Crimea is not just a territory, not just an episode of Russian history. Crimea is a question about whom you are with: with the ''world civilised society'' or Russia? With the external or internal force? It is impossible to disguise it, it is impossible to shut in from this problem. If you switch to Putin's position on this issue, you involuntarily weaken your oppositionism. And if you have to neglect that ''Crimea is ours'', sooner or later you will talk about the necessity of our country to be defeated.

''Partially, he is the voice of the elite pushback, but partially, also the voice of populism. He keeps the balance very well and logically.'' Photo: Maksim Platonov

So, technologically, Navalny is safe, of course – because of his uncertainty. He can be registered. Maybe not. Because the tension in the foreign policy is very strong. It is difficult to hope that ideal democracy will reign here in such conditions. So much will turn on Navalny's popularity and the degree of his scandalousness. It would be strange presuppose that, for example, some candidates sympathising Hitler's Germany could win the elections in Great Britain in the 40s when the Hitler aggression was directly threatening it. It is clear the regime, on the contrary, quickly stood together around the necessity to protect the country's sovereignty. Obviously, those who thought they needed to negotiate with the opponent were separated from power.

West is still none the wiser about Russia

But at the same time, you say that even if the situation is good for ''uniting'', we have all the signs of the growing elite pushback. What do you mean?

I won't call surnames, so that it won't look like denunciation. Some of our authors openly, popularly and without shame say, for example, that Russia needs to surrender to the United States. They say it in completely legal media, not to mention social networks. It is not a personal point of view of an opinion journalist, it is not just an expert's opinion – it is a point of view of a certain segment of the elite. Some part of our elite thinks how to agree with the West ''on good terms'' or its hopes for the conservation of the previous level of everyday comfort, visa access to Europe, possibility of studying and receiving treatment and so on – these hopes are under big question. The real danger of the country's closeness has very clearly loomed in front of Russia for the first time.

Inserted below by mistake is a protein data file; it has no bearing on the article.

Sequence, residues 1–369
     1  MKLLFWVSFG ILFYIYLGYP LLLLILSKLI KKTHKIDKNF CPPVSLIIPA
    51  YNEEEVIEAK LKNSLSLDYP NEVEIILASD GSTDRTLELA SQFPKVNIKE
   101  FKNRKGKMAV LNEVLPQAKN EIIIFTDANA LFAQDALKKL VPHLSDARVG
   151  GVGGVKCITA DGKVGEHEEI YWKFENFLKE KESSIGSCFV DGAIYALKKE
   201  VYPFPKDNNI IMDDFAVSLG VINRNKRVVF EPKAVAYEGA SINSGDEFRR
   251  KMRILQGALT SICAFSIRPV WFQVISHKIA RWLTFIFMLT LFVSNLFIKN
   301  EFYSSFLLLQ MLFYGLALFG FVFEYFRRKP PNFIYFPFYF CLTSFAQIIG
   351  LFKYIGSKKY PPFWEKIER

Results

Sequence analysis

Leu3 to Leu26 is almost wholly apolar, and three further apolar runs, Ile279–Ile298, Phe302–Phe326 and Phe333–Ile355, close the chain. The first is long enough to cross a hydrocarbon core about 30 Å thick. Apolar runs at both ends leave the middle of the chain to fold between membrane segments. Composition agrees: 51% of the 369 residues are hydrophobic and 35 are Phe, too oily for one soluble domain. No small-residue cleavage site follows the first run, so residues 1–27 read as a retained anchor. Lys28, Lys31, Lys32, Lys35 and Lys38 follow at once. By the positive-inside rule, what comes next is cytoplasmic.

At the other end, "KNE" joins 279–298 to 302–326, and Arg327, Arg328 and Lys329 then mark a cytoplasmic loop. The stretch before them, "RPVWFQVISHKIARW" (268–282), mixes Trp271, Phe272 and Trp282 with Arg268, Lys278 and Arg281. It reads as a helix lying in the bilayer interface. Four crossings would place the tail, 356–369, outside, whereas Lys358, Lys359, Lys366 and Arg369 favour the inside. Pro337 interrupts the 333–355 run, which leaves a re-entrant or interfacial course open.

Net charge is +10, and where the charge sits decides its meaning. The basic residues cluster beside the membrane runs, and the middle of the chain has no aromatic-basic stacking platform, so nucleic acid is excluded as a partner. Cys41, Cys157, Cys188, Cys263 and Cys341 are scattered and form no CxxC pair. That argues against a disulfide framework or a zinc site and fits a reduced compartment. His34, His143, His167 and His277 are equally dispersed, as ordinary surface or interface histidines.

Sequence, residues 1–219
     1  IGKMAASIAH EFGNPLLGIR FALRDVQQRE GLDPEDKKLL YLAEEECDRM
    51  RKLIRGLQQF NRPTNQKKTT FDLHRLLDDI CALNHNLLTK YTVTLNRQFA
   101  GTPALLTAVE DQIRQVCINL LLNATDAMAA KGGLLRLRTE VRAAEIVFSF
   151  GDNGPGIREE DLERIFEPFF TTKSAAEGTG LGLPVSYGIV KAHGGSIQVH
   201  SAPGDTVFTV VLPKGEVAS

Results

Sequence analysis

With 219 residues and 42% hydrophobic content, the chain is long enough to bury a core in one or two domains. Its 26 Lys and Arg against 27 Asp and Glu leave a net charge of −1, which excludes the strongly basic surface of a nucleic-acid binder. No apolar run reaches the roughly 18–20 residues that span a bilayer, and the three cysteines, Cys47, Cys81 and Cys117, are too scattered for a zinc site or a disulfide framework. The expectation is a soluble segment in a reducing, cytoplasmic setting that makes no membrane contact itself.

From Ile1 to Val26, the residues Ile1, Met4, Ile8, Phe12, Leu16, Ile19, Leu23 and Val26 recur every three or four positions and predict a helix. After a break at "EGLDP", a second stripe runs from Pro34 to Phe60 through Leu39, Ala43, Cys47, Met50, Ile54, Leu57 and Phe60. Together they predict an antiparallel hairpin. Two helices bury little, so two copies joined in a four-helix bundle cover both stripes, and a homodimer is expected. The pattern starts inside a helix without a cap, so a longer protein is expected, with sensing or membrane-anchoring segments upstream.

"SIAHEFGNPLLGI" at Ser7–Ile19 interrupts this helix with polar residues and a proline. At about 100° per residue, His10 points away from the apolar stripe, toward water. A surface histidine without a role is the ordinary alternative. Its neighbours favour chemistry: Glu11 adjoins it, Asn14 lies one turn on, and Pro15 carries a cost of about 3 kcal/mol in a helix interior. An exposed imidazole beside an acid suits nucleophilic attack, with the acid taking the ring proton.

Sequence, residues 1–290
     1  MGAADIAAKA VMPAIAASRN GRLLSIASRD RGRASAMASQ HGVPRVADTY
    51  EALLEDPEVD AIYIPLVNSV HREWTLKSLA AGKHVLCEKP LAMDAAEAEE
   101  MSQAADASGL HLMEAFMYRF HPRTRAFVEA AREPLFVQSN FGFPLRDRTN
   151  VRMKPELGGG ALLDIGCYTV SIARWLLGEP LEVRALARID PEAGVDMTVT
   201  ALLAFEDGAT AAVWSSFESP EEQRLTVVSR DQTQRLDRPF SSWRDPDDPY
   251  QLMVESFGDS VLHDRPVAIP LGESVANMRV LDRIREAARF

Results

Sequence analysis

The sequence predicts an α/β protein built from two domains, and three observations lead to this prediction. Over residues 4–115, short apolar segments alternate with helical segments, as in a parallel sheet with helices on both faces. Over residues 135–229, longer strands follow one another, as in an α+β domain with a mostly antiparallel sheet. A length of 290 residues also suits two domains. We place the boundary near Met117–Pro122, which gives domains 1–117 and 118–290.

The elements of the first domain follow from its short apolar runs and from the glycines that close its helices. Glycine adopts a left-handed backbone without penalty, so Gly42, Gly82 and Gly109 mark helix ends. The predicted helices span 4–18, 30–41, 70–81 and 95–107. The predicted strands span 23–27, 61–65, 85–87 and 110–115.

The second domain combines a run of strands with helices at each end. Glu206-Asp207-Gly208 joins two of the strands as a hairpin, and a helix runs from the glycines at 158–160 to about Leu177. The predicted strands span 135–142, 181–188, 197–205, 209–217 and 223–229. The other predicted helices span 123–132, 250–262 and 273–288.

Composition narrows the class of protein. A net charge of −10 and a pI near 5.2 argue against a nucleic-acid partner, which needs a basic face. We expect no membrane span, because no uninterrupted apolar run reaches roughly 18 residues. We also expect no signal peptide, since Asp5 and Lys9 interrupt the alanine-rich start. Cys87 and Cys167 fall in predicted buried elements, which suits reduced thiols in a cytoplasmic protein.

It irritated the elite as early as 2014. But then there was hope that the West would change, ''understand'' Russia. Many people expected a new generation of politicians who would be able to have more realistic positions on Russia, have more understanding of its interests to come to power in countries. These forces were seen. But we did not see changes. How did Brexit favour us? Russia was glad about Brexit's victory, I myself was glad about Nigel Farage and his party's stronger positions. And these changes seemed not only to us – even Barack Obama accused Russia of Brexit for some reason. So what? Has Great Britain been closer to Russia even just a bit? No, now we even count on Brussels more than London. The same thing is with the USA where the situation is a bit complicated. But there is nothing to be glad about as well.

To ban the discussion of Crimean's return

You compared the situation of Russia in 2017 and Great Britain in 1940. Is there any kind of exaggeration here or is everything actually so serious?

There is some exaggeration, of course. But, in general, the situation requires a national unity. National unity is not just a word, it is a serious thing including restrictive measures. This is why I think we can't allow publication of articles that Russia needs to return on the page of a radio station financed by Gazprom. If we really want to save the country now, so that it will withstand it at not the best time for it, we need to treat all the friends as liberal as possible, that's to say, those who have a pro-Crimean point of view and as strict as possible to those who have alternative positions. Now we are seeing something different.

For instance, in the newspaper I worked in, Izvestiya, all the opinion journalists who had pro-Crimean positions were dispersed. Some of them were divested of a possibility to be published in other newspapers, at least for some time. Personally, I did not suffer from this crackdown a lot, but some of my colleagues faced unexpected ostracism. God knows what left from the Opinion Journalism Department in this newspaper as a result. It can't be compared with the newspaper where Maksim Sokolov, Eduard Limonov, Maksim Kononenko, Ilya Smirnov, Kirill Benediktov, Igor Karaulov and many other friends of mine and like-minded people were published. Now they are all top figures in their media where they are published. First of all, they all were gathered in one place and fought for one idea.

Such people expressing a completely radical oppositionist opinion easily say what they think, Echo of Moscow publishes them, a great number of influential newspapers lists them as employees. We have politicians who go to elections fighting for Crimea's return, deportation of the Russian population and populating Crimean Tatars. They lose these elections, of course. But the power doesn't care about them. I don't want to say somebody needs to be jailed or deprived of civil rights (people understand me improperly for some reason). But Russia needs to demonstrate an absolute national consensus on this issue, without doubt.